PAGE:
stardust user; could overdose or get hurt in the ever increasing violence. She
    recently fought with him and found stardust hidden in his room (which she
    destroyed). The quartermaster suggested using the life support controls to
    cause explosions, but Mary didn’t want to risk lives or her precious equipment;
    She can’t get replacement parts as it is. They finally settled on trying to
    bribe the magistrate with stardust to keep him mellow. Unfortunately he
    overhears the plan so it doesn’t work, so he arrests Mary’s son and puts him in
    jail. The chief engineer is angry but she reasons that jail is actually the
    best place for her son; he is safe from the violence and he can’t die of an
    overdose if he can’t get stardust. However, she throws her full support behind the
    CCO in the event of a coup.

    Things continue to get worse and tension rises. There is a
    scene in a high powered laser room that is used for mining; it’s class and the
    CCO (who is also a teacher) is explaining how the laser works to a spacer. He
    asks why we even need Earth and why should we depend on them? (I can’t remember
    exactly). Nat’s character answers that the station isn’t self sufficient but it
    doesn’t satisfy the spacer and he leaves the class angry. This illustrates the
    disconnect between generations and the disconnect between the station and
    Earth. The spacers start having meetings and talking about a revolution.

    Another crisis happens but I can’t remember what it is.
    Something to do with more violence and it stops mining. (Is this when the bomb
    went off?) Also Earth has been shipping in more stardust instead of supplies
    and the station is getting dangerously low on reserve oxygen. Nat’s character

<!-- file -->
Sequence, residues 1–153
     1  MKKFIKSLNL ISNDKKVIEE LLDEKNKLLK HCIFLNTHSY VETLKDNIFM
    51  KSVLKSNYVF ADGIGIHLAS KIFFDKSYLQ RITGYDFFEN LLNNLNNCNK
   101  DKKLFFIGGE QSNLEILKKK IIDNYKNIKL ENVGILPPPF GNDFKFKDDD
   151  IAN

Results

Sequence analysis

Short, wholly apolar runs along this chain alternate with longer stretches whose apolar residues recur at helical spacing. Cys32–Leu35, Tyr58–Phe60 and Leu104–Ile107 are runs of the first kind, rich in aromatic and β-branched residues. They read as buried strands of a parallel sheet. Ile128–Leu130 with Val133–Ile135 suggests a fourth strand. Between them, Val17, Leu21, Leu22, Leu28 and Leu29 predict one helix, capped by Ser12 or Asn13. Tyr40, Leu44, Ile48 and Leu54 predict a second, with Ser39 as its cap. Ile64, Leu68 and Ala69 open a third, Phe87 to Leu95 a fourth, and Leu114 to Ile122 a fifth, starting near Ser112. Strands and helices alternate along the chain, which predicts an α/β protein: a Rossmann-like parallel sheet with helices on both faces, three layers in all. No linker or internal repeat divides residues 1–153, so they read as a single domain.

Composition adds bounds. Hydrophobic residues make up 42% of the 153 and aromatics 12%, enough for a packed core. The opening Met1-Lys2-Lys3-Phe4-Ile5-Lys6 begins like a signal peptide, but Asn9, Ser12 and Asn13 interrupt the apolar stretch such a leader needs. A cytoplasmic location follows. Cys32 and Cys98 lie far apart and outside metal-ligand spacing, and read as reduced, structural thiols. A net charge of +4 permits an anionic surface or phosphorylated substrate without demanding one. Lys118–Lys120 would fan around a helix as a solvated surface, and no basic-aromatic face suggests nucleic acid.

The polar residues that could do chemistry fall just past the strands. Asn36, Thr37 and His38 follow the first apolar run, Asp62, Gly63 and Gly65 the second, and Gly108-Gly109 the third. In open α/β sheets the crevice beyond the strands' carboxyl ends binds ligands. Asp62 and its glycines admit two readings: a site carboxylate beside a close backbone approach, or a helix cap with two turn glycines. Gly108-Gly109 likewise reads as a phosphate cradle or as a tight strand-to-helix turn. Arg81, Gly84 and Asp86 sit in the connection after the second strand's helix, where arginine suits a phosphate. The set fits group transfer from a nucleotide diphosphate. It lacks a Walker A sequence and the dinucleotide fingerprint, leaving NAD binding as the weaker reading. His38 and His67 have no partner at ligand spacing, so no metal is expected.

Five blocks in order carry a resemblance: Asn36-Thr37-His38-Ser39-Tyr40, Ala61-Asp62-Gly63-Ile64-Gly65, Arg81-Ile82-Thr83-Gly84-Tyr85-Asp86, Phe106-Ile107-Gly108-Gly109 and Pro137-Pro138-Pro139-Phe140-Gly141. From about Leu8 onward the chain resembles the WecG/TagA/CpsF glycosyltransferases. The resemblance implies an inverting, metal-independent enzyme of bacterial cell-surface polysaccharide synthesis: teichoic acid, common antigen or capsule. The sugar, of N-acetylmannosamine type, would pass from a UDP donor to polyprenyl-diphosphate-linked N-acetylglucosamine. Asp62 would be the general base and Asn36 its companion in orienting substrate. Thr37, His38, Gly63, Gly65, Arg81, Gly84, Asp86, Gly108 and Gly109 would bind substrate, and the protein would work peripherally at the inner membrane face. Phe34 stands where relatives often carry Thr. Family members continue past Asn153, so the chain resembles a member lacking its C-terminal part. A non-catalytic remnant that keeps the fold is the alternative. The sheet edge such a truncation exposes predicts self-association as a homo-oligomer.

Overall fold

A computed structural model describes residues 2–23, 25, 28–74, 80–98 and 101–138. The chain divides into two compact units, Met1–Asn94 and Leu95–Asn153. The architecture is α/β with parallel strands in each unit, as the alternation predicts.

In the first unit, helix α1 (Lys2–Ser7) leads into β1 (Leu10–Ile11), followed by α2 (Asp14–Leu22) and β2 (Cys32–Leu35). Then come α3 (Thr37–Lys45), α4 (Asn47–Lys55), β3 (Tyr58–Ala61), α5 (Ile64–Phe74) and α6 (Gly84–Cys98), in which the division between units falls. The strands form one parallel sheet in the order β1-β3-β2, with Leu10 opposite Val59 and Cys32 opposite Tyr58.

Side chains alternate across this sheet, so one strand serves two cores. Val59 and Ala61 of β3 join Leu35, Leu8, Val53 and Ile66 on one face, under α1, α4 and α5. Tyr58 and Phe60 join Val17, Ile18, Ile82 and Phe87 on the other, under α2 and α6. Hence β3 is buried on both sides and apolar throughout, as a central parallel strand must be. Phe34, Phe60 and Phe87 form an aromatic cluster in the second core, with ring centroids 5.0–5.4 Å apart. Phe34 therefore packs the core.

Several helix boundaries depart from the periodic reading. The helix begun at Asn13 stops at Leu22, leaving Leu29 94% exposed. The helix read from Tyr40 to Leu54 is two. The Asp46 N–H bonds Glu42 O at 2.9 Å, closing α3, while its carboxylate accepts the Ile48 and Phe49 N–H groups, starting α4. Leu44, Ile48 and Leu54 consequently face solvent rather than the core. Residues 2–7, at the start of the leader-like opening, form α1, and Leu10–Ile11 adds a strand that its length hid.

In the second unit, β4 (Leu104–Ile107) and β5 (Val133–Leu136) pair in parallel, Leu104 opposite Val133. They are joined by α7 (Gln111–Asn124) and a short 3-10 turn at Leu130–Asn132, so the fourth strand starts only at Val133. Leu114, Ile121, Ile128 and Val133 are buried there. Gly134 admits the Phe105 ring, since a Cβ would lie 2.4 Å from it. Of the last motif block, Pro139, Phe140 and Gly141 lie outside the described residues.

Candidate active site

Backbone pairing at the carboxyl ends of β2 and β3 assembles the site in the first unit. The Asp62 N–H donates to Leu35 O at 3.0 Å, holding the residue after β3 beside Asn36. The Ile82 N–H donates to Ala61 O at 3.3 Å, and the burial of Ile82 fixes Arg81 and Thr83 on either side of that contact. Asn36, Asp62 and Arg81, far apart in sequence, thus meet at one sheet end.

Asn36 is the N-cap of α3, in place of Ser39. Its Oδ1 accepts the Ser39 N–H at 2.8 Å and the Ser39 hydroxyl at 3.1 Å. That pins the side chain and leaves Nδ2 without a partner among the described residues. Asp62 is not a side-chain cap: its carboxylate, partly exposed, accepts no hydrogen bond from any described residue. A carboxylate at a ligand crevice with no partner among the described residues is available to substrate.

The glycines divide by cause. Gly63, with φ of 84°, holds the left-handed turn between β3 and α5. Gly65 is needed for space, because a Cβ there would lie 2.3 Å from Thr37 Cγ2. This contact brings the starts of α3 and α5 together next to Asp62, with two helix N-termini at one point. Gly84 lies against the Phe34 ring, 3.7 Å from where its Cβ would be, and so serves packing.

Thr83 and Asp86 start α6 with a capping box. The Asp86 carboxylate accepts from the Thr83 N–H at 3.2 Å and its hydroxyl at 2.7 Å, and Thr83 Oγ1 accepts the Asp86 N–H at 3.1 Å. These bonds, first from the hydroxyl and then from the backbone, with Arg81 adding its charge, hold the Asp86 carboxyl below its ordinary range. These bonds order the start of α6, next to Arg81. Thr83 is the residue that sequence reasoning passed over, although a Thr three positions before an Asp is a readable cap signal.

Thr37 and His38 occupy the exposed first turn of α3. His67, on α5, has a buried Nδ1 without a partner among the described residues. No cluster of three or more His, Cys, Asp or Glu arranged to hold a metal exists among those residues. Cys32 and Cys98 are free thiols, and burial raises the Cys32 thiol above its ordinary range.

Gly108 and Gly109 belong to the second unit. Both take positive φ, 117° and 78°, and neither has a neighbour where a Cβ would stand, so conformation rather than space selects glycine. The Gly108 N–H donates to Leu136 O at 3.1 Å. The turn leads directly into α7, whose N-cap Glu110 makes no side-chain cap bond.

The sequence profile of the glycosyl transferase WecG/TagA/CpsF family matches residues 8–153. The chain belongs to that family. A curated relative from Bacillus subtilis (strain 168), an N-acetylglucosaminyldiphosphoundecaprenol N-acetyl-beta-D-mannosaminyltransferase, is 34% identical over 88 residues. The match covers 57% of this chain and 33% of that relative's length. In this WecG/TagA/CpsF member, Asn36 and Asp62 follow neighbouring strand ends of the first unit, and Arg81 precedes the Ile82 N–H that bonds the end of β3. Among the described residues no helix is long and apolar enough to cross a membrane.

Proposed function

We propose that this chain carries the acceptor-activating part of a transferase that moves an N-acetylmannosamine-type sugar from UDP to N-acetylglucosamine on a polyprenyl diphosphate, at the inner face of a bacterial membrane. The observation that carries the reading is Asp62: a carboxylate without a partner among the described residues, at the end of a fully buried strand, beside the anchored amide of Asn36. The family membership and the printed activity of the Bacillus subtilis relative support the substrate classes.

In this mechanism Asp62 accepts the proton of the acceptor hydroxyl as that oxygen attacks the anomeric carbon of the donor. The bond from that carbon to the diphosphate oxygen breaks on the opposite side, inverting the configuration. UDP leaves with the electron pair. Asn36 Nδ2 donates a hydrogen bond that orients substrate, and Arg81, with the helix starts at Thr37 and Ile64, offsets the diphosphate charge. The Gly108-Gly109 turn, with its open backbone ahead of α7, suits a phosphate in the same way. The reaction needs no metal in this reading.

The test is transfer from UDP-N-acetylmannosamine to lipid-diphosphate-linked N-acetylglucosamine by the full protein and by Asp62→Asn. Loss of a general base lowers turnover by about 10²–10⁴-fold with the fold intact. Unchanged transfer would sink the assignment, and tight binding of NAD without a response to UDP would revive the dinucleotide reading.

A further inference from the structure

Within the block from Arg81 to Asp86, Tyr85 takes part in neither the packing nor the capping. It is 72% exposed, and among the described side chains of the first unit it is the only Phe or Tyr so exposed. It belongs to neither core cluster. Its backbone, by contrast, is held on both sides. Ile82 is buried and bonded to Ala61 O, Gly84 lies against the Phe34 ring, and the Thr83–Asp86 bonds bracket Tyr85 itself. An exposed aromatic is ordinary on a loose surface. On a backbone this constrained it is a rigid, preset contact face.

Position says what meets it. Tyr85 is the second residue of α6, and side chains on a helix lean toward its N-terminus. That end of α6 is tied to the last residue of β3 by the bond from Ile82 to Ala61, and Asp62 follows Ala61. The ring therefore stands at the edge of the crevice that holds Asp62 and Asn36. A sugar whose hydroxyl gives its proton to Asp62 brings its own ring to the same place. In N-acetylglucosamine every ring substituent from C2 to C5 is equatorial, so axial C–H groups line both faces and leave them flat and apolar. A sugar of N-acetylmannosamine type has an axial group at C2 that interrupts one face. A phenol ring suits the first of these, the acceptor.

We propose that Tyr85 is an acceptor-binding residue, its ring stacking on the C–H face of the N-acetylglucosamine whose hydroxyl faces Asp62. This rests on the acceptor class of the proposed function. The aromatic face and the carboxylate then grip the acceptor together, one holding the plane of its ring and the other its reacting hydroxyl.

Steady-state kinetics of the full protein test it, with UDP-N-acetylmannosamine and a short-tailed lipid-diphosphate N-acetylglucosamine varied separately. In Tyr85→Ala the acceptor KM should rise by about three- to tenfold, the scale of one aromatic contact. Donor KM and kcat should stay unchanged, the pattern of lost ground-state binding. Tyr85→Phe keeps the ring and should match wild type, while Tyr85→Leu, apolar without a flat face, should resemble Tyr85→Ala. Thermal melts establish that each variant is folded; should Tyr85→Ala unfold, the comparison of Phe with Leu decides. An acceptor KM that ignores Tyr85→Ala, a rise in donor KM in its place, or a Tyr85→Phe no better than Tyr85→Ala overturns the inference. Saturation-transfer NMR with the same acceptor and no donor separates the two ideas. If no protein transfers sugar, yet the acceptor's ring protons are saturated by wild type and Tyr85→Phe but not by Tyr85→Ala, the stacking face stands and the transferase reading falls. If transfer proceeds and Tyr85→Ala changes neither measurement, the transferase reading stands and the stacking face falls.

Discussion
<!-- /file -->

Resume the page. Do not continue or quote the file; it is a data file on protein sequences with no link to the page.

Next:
asks Mary to help with the coup now and she does it; sealing off the space station.
    The CCO’s forces storm the police station and engage in a deadly shootout with those
    loyal to the magistrate. There is a heavy loss of life and the magistrate is
    wounded and winds up in the hospital bay clinging to life. (Also without
    antibiotics as those are low too; thanks to the supplies of stardust). He falls
    from power to perspective. However, it’s too little too late. The spacers storm
    head office and there is more loss of life. They win against the station’s
    weakened forces and put Nat’s character in a jail cell. He falls from power and
    is now kind of a touchstone? Head office is now under the control of the
    spacers. Meanwhile the oxygen coil is about to blow. The chief engineer has no
    one to report at this point, and it doesn’t matter. Oxygen reserves are too low
    to run the station, and if the converter
    blows they all will die. Mary lowers the oxygen levels throughout the station;
    keeping it at normal levels only in life support command and the hospital bay
    (possibly the quartermaster’s store? I can’t remember). Everywhere else, the
    level of oxygen drops dramatically to levels that will still maintain life, but
    barely. People throughout the station are experiencing the effects of the